said, that hardly any one Member who had spoken from that (the Ministerial) side of the House had appeared entirely to approve of the Bill, and he must confess there were some parts of it to which he himself strongly objected. Its main features were uniformity and the disfranchisement of the 40s. freeholders; and he objected to both. As regarded the proposed uniformity, he thought that if it were insisted on, it would lead, after a short period of time, to a further reduction of all the franchises. In support of this opinion he would refer to the speech of the hon. Member for Birmingham, who had expressed his conviction that a downward tendency of the franchise must be the result of the adoption of the principle of uniformity. With regard to the 40s. freeholders in boroughs, he saw no reason why they should be disfranchised, for he was not aware that they as a body had in the exercise of their franchise been guilty of any impropriety of conduct. He thought that under these circumstances they ought to be left alone. He had no objection to a measure of Reform, for he had been a Reformer to some degree, he might say, all his life long, and voted for the Reform Bill of 1832. He might be asked to what extent in lowering the franchise would he be prepared to go. He was not wedded to the maintenance of the occupation franchise in counties at £50, and he conceived the time had come when, to a certain degree and a considerable extent, the franchise should be extended. He agreed with the right hon. Member for the University of Cambridge (Mr. Walpole) that a £20 occupation franchise would be a good resting place with regard to counties. That amount was the qualification for jurymen, who were called on to perform laborious duties, re quiring intelligence in the execution, and the same class of men would be quite competent to select a proper representative at an election for Parliament. With respect to the borough franchise, he saw no reason why it should be limited to £10, and he should have no objection to its extension so long as the vote was given to independent and respectable persons. Beyond that point the House ought not to go. He remembered that a year ago the Motion of the hon. Member for East Surrey (Mr. Locke King) was vehemently opposed on the ground that the reduction of the county occupation franchise to £10 would bring in such a multiplicity of voters in unrepresented towns as would swamp the influence which the present holders of the franchise enjoyed. He did not understand how what was objectionable last year could be considered acceptable in the present. For these reasons he objected to the Bill as a whole. It was with considerable difficulty that he had made up his mind as to the course he should pursue, though he had no doubt on the subject of the noble Lord's Resolution. He regarded that Resolution as moved more from party motives than on any other account. He considered that every point alluded to in the Resolution could be equally well discussed in Committee, and therefore he should certainly not vote for the noble Lord's Resolution. With regard to the second reading of the Bill, however, he had felt some doubt as to the way in which he ought to vote, and unless he thought that the provisions he had adverted to were open to amendment in Committee he could not bring himself to vote for the second reading. Having, however, heard from the hon. Baronet the Secretary to the Treasury, from the Chancellor of the Exchequer, and still more decidedly from the right hon. Baronet the First Lord of the Admiralty, that these questions were all open for reconsideration, and that it would be within the power of the right hon. Member for the University of Cambridge to move the adoption of a £20 county occupation qualification, and for the right hon. Member for Oxfordshire to propose a diminution of the borough franchise, he thought the best course he could take was to give his vote against the noble Lord's Resolution, and, if the question should be put on the second reading of the Bill, then to vote in favour of the second reading.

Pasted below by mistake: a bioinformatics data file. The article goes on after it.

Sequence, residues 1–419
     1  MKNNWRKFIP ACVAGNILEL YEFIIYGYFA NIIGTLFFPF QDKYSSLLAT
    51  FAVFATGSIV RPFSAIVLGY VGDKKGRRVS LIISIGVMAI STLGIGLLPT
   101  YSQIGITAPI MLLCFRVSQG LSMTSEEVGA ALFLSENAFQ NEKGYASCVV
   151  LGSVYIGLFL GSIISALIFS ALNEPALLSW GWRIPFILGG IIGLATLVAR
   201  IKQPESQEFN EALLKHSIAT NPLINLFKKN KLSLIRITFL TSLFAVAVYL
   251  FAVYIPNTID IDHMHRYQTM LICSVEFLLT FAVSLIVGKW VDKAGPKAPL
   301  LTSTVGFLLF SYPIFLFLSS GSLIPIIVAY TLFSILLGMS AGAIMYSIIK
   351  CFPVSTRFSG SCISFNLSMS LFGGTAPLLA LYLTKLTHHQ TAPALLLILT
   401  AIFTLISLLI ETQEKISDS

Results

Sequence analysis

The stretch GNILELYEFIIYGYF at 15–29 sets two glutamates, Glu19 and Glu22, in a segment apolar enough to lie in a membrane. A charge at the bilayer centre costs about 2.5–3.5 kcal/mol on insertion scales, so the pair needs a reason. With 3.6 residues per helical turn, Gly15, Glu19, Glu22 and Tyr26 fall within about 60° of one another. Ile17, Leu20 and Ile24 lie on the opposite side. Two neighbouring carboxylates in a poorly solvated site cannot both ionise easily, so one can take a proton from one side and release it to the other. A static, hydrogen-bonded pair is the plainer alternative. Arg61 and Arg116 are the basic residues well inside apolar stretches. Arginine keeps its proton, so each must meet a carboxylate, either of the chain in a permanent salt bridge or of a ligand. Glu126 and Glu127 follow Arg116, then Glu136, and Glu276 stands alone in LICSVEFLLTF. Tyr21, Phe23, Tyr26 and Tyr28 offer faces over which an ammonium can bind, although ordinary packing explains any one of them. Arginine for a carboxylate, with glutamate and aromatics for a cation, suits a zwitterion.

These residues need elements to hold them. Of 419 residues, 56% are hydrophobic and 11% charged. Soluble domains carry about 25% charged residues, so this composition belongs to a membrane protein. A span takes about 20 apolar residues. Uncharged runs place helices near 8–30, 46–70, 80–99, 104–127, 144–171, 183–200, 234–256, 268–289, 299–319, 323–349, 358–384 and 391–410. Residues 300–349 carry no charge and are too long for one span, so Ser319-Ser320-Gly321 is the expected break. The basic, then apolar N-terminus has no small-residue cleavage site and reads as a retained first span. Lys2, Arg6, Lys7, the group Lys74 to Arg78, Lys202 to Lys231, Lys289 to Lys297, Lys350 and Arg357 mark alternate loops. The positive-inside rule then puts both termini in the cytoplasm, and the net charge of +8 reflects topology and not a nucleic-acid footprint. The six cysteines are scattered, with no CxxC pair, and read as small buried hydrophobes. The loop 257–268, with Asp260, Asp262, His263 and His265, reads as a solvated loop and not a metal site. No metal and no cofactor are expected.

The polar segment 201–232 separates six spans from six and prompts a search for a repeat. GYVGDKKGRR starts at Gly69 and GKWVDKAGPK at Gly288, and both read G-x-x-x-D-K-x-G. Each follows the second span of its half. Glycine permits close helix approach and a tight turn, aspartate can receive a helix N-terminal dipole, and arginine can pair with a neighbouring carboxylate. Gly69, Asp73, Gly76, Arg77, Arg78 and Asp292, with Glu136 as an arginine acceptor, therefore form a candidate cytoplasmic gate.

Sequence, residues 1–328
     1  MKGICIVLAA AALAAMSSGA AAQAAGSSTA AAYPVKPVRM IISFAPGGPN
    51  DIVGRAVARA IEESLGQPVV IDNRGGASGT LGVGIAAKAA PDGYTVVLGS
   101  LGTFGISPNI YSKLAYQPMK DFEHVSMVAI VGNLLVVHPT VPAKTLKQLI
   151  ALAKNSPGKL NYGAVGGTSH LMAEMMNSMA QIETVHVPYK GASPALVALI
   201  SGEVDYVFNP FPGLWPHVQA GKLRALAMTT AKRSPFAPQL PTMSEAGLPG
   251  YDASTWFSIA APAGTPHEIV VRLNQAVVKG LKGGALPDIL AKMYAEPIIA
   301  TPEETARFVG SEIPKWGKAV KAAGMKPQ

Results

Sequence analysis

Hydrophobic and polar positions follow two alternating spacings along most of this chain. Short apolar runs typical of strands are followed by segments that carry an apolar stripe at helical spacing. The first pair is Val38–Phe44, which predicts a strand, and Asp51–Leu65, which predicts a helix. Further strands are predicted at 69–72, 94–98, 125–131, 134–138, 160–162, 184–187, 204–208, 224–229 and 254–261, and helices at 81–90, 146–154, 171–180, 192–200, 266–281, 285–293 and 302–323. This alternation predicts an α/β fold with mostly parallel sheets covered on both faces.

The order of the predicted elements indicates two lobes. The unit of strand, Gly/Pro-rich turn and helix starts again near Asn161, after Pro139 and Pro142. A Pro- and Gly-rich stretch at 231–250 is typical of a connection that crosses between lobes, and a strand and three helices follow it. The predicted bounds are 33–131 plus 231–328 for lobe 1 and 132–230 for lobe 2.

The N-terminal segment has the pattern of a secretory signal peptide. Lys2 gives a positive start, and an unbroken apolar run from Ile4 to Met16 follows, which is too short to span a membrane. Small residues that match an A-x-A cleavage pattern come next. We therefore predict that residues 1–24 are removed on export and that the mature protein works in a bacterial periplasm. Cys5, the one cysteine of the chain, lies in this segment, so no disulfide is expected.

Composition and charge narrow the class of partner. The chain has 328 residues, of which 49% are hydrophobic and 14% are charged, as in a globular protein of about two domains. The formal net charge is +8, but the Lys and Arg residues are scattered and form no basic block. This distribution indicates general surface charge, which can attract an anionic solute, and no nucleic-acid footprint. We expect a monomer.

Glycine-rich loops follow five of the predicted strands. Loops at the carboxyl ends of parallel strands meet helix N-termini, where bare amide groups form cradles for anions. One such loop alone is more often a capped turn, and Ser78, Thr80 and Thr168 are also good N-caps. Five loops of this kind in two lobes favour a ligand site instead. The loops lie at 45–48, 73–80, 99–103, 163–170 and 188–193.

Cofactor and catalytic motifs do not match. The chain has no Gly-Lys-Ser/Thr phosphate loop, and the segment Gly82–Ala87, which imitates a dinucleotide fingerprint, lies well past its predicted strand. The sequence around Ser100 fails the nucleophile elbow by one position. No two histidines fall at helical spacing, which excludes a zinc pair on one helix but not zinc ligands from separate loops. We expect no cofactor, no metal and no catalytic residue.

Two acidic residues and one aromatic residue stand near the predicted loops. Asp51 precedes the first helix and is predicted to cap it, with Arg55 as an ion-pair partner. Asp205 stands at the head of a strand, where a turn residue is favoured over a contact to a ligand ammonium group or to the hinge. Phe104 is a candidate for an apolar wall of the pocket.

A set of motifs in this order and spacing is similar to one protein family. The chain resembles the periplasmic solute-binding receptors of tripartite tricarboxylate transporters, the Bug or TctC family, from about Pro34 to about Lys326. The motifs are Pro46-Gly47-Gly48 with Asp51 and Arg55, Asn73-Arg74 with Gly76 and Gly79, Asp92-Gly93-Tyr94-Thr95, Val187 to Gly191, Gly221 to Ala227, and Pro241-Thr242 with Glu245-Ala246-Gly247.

said, that—representing, as he did, a city in which there dwelt a great number of intelligent and active persons of the middle and lower classes, who had lately met to discuss the merits of this measure—he deemed it his duty to state to the House what he believed to be their sentiments with regard to the Bill, and he must say that in those sentiments he in great part concurred. The citizens of York during the discussion which took place last autumn on the subject of a Reform Bill were contented to be quiescent. They waited until the Government measure was prepared, and they then assembled in large numbers in their Concert Hall. He was unable to be present himself on the occasion, but he had heard from those who were, that the feeling was most decidedly and unanimously in disapprobation of certain provisions of the Government Bill. It was not to be wondered at that the citizens of York should feel aggrieved at that portion embraced within the first part of the noble Lord's Resolution. They were strongly opposed to the disqualification as county electors of 1,100 freehold voters resident in the city. He warned the Government that the introduction of such a principle as that contained in the Bill would materially disturb the balance of parties both in counties and boroughs. In the North Riding of Yorkshire the Bill would remove from the county to boroughs 2,073 electors, amounting to two-fifths of the whole number who polled for each of the successful candidates at the hotly contested election of 1857. There were 4,335 registered electors for the city of York, but this Bill would introduce into the constituency a new clement—that of freehold voters. He believed that in the case of York that element was decidedly Liberal, but he thought this displacement of voters was unfair to all parties. This disturbance of the balance of representation would take place just as much if the Bill were modified as proposed by the Chancellor of the Exchequer. It had been said that the freeholders in boroughs would rather vote in a borough where the electors were but a few hundred than in a county where the number was much greater; that, in fact, by so doing they would obtain a greater share in the representation of the people. But, in his opinion, this would not be the course followed; they would, under the Chancellor of the Exchequer's clause, take care to vote in that constituency—be it borough or be it county—in which they felt that their votes would turn the scale. Let the House consider how often it happened that the scale between a Liberal and Conservative candidate was turned by but a few votes. At the York election his hon. and gallant Colleague polled 1,520 votes, and 1,541 were recorded for himself. Parties were, therefore, pretty equally balanced; but if a preponderating Tory element was thrown into the constituency, the result would be the return of two Conservative Members, while if the element proved to be Liberal two representatives for the city of York would probably sit on that (the Opposition) side. The consequence would be that, if the freeholders had the opportunity of choosing between the county and borough franchise, arrangements would be made for introducing into boroughs so many freehold voters as would turn the scale in favour of the one party or the other. Now, he thought that the Government would have done better had they, instead of introducing this elaborate measure, inquired what people wanted, and have contented themselves with meeting that want. Now, what was wanted was, not an interference with the borough franchise, but a reduction of the limits in the case of borough voters. For his own part, he traced the evil plan of the Government Bill to that illegitimate addition to the first Reform Bill which was known as the Chandos clause. Had not that clause been law they would never have heard of £10 voters in counties, and he wished to God it had been so, for that was the best and purest franchise of all. He did not know what would come of the £10 franchise; but at any rate there would be plenty of "cooking" in the counties, and he should be able to make a quantity of votes on his property. The most vicious part of the Bill was, that it exhibited great distrust of the people of England, and he felt sure the people of York would not be satisfied until they had the borough franchise reduced to a much lower amount than at present existed, and that alone to him was an objection which demanded his vote to be given for the Resolution of the noble Lord. In giving that vote he was acting consistently with the principles upon which he entered that House. He came in there as a Palmerstonian, he came pledged to support the policy upon which that noble Viscount dissolved the preceding Parliament. But in his address at the hustings, after he had answered the questions addressed to him on the subject of our foreign policy, he had been asked, sup- posing the noble Lord the Member for London brought in a Reform Bill, and that Bill was opposed by the noble Viscount the Member for Tiverton, which way would he give his vote. To that inquiry he had frankly answered that he should follow the noble Lord the Member for London. He warned the Government against falling into the errors of their predecessors of 1830, and allowing themselves to be misled by vain fears. He remembered the exaggerated alarms which the statesmen of that day indulged in upon the subject of the £10 franchise; they foretold the fall of the monarchy, the disruption of the constitution from it. Now, what were the facts? He called the attention of the right hon. Gentlemen opposite especially to them, in the hope that they would learn by experience. Since that date the country had been more orderly than ever. In 1830 no great meeting could take place without endangering the public peace. Let the House see what took place now. The hon. Member for Birmingham had been addressing great meetings all over the country, and not one disturbance had taken place throughout the hon. Member's tour. He was himself satisfied that as the past had been so would the future be, if a fair measure of Reform were given. The Government should bear in mind that the longer the been was refused the greater the demand would be. Under these circumstances, be felt it to be his duty to give his vote for the Resolution of the noble Lord the Member for London. What would be the result of the vote the House might give he knew not. He, for one, should greatly regret the circumstance if it were followed by the retirement of the present Government. The existing Ministry had brought forward many good measures; they had fulfilled their duties in that House with distinguished ability; and they had in their private transaction of affairs given a satisfaction "which was felt throughout the country.